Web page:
A single vendor has expertise in a limited number of technologies and areas. Thus, by choosing a multi-vendor approach, you’re expanding the number of domains and getting best-of-breed quality.
More frequent product upgrades
When working with multiple vendors, each of them is responsible for their own part of the project. Thus you can get faster and more frequent upgrades that affect the overall outcome of the project.
Because of the competitive atmosphere in the team and the absence of vendor lock-in, it is easier to negotiate the most attractive price for yourself. When working in a multi-vendor atmosphere, it’s more complicated for a vendor to establish unreasonably high prices. Because their services can be substituted by something more affordable.
Successful case studies
There are a few examples from different industries when working with a few vendors turned out to be more secure and beneficial than cooperation with only one.
For example, a case with Indian service provider Satyam. It was admitted to falsifying company accounts in 2009. All clients of Satyam who relied only on the services of the provider faced considerable losses. Such troubles are not a rare thing when dealing with one supplier. It makes you dependent on one vendor and take urgent measures in case your supplier quits on you at the most inconvenient point.
One more company that chose a multi-vendor strategy is Adidas. By 2010 it had a long-term relationship with the single vendor. However, it incorporated multi-sourcing from 2 vendors in 2012. The strategy turned out to be very beneficial for Adidas. The cost of the company was reduced by 20%. Furthermore, in response to the multi-sourcing of global IT group for the service sourcing and software development, the number of defects massively cut to half. It was a massive improvement of the quality of production.
Choosing a multi-vendor approach provides stability and also gives you positional advantage and strength. When you have options to choose from, you do not need to take urgent measures in case something goes wrong. It’s easier to scale the team, negotiate prices, or some contract terms. You simply do have the freedom of choice. And that is one of the essential grounds for building a thriving business.
Disadvantages of a multi-vendor approach
Each coin has two sides, and suffice it to say, a multi-vendor approach is no exception.
- Managing several vendors simultaneously requires more time and resources. You may experience issues with process management, tasking, and product quality assurance. However, there is a way to get rid of this challenge. If you choose a vendor that has substantial experience in working with multiple large-scale companies, then it already has well-established processes and is well aware of how to facilitate and accelerate the cooperation. A responsible and trustworthy vendor will make sure you get access to all the tools to control every stage of the project and will constantly keep you in touch (via Zoom, Skype, Slack, Jira, etc.). In this case, you won’t have to worry about your project progress and spend much time on management;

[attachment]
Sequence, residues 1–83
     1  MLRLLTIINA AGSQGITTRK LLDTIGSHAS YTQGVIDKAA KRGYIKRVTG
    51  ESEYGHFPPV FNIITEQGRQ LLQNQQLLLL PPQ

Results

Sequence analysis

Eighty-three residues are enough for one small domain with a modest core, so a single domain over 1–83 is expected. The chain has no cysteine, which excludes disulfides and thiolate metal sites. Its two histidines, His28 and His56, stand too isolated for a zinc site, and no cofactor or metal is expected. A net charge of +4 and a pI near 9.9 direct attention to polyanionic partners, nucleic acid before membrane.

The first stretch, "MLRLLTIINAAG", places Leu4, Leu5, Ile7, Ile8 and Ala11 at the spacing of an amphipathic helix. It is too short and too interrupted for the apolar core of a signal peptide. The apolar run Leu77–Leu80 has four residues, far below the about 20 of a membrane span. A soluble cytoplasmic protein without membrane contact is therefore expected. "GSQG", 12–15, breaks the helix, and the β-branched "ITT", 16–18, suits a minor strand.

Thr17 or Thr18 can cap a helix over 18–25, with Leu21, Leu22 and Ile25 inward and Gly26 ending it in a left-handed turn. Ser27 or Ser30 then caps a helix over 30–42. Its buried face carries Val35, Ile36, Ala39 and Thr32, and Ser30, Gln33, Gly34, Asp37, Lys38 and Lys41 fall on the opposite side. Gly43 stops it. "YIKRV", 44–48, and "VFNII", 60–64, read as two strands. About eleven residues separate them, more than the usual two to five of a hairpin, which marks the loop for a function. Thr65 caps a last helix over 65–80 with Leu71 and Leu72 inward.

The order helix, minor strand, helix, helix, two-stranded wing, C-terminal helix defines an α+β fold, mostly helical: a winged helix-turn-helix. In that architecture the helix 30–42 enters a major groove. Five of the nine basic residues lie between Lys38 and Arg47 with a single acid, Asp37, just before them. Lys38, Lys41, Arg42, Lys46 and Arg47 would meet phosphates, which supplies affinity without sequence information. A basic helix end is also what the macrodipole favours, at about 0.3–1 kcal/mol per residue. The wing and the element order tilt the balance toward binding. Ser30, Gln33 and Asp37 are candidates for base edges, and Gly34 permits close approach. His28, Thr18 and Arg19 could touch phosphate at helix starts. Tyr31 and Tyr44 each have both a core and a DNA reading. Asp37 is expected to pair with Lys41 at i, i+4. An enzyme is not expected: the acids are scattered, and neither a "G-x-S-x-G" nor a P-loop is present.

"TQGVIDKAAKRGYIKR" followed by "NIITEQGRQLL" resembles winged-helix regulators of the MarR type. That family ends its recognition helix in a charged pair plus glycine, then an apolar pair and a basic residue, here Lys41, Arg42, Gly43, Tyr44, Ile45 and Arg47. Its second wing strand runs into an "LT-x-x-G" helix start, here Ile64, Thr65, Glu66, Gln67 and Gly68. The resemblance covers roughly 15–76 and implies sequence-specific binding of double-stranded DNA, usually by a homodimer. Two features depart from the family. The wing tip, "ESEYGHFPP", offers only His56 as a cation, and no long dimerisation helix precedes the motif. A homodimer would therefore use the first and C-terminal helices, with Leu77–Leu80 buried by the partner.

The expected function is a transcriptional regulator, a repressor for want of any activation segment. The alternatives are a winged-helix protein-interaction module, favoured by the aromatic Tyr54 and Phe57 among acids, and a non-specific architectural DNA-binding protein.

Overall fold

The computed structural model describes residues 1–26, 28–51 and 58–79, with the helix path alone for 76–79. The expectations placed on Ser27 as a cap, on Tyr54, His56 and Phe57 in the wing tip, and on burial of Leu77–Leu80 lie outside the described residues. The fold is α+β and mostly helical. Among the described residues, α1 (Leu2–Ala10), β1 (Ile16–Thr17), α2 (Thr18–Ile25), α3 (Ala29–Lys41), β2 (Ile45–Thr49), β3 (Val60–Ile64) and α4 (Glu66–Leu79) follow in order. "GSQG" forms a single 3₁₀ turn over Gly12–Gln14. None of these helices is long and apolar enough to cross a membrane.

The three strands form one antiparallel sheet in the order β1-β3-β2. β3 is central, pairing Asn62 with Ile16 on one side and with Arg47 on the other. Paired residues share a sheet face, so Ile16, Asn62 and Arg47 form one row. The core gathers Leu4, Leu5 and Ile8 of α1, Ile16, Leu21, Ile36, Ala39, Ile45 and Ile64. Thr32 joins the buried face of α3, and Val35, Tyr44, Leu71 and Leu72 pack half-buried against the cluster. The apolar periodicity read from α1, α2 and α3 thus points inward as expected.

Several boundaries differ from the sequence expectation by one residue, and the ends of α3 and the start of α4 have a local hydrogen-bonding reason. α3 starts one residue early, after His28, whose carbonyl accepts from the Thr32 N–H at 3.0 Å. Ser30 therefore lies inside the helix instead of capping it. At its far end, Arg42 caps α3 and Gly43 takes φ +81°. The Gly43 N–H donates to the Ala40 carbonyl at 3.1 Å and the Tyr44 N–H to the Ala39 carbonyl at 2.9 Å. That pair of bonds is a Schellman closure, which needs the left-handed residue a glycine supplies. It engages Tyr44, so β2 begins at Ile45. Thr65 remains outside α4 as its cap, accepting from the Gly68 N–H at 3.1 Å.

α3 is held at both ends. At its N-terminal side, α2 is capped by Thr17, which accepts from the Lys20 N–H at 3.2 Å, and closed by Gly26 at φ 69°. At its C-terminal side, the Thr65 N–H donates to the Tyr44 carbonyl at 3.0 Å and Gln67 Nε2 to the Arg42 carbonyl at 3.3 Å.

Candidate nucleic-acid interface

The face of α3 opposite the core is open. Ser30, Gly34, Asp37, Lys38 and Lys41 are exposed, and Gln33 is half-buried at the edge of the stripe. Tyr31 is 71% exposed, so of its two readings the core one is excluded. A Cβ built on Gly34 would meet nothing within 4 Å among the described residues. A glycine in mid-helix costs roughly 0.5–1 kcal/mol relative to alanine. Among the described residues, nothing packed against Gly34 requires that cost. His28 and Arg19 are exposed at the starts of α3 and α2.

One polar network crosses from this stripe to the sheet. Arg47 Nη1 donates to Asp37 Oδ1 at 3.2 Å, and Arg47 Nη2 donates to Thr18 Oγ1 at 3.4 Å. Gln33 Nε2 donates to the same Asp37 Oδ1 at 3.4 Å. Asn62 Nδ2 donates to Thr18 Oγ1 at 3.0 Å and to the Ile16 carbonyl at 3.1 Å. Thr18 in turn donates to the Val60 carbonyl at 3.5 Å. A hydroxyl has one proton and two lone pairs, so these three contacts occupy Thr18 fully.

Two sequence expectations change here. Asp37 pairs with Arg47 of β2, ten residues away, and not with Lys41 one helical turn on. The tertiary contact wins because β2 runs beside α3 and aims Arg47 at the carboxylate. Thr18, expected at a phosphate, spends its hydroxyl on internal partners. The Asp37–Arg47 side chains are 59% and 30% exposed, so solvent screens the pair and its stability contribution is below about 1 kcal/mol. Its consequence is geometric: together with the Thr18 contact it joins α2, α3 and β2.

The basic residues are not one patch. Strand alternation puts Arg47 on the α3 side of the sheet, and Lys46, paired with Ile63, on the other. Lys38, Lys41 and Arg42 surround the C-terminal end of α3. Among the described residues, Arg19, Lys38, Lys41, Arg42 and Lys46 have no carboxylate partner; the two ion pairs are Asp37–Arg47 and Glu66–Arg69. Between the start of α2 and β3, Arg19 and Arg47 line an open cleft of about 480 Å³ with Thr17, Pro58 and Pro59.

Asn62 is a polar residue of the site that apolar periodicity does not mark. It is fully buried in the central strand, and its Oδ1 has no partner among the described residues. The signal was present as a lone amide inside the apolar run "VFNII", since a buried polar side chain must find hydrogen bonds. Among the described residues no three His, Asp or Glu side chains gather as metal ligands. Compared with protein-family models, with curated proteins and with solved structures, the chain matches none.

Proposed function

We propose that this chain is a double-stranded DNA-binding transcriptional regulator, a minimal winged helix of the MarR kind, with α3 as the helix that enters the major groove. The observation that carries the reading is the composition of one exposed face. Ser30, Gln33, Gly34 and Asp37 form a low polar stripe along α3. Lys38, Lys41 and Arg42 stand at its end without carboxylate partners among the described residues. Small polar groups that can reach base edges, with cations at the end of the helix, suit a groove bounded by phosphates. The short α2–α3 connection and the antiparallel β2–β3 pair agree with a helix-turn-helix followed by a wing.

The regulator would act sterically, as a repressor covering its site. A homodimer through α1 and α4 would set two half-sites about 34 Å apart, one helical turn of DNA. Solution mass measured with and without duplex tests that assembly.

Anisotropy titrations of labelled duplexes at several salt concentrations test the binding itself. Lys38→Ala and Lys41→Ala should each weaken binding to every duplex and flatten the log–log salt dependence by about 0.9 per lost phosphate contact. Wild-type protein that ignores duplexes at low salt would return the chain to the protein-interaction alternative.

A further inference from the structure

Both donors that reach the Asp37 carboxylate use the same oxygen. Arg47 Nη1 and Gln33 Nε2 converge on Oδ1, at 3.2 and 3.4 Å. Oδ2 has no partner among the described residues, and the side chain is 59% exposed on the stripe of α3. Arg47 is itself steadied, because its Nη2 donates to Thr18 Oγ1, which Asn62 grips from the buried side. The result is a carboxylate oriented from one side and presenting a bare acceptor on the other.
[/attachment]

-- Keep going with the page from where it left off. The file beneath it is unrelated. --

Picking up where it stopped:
- One more challenge is integration difficulties. When multiple vendors develop different components of the same project, it can be difficult to integrate them together and thus require more time and money. However, if we talk about the vendors experienced in working in large teams, showing successful teamwork on numerous projects, there is not much to worry about. Besides, you’re more likely to get the highest quality of the product. Each team is responsible for a certain area it has expertise in and can bring innovations and a fresh way of thinking to your project.
To sum this all up, a multi-vendor approach has turned out to be a beneficial strategy for many large-scale global companies. It helps you ease many risks and get significant advantages (such as expertise, innovations, security, high quality of work, faster road to the market, etc.) However, you should choose this or that approach according to your particular project and its specificities. Weighing a list of pros and cons may come in handy when making a decision.
For small projects, working with a single vendor can be more rational. But for large, global, and complex projects or projects requiring professionals with expertise in different domains, collaboration with multiple vendors is a win-win approach.